We periodically have had difficulty tracking down copies of the South African songs that charted on Capital Radio, which has brought home how terrible the archiving of South African popular music has been. This week was especially difficult. We tried all our usual avenues and nobody we approached had a copy of Wendy Oldfield’s “Dancing in the Forest”, not even Wendy Oldfield herself.!

In the end we managed to track down a snippet of the song from the film in which it appeared, Mark Roper’s Dancing in the Forest (1989), chainsaw sound effects included!*

We also could not easily track down a copy of the “Papa, Please Come Back Home” by The Rockets but fortunately their manager, Alison Watt, was able to send us a copy of the song. It is difficult to imagine songs that reached the Top 10 on national radio station charts in the UK or the USA no longer being available, yet that is the situation in South Africa. We think it is both sad and shocking.

Of the South African songs to chart on Capital in 1988, “Papa, Please Come Back Home” by the Rockets spent two weeks at number 2.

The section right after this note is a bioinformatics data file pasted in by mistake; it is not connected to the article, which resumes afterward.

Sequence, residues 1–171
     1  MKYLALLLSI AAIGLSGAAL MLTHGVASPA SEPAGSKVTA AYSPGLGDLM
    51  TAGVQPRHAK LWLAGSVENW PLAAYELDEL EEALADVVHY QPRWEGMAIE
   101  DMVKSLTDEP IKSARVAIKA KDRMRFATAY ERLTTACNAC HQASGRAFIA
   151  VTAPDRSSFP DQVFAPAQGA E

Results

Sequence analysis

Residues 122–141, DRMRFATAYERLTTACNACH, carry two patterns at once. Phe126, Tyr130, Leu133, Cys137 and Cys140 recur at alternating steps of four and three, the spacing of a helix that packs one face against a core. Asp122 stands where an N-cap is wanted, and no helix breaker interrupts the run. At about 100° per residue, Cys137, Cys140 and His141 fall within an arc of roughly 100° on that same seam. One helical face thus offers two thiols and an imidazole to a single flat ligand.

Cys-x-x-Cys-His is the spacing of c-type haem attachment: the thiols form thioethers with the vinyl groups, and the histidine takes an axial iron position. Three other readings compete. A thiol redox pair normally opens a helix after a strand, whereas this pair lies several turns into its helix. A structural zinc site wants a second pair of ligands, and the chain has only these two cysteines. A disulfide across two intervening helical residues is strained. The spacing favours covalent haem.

Cinema very narrowly missed out on number 1 on two occasions with both “My Kind Of Girl” and “Inside And Out” peaking at number 2, and each staying there for just one week. Also reaching number 2 for one week was “Teddy Bear” by The Spectres.

Bright Blue’s “Where Would I Go?” spent two weeks at number 6, which was also the highest position reached by Jonathan Butler’s “Take Good Care of Me”, where it spent one week. Wendy Oldfield’s “Dancing in the Forest” spent two weeks at number 7 while “Got to Get Away” by The Passengers reached number 8 and “Romance” by The Believers peaked at number 9.

  • UPDATE: One person on the planet did have a copy and kindly posted it: Marq Vas – South African music super-collector – found a copy in his archive! Astounding! Thanks so much for digging this one out, Marq!
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Capital 604 – 1987

There was a healthy variety of South African music in the Capital Radio charts in 1987 from the wistful South African pop rock of Bright Blue, the Afro pop of Sipho Mabuse and Brenda Fassie to the political energy of Savuka and Hi-NRG Euro disco of People Like us, and the novelty studio sounds of Pocket Lips with several other artists making up the 14 South Africans which made the Top 40 countdown.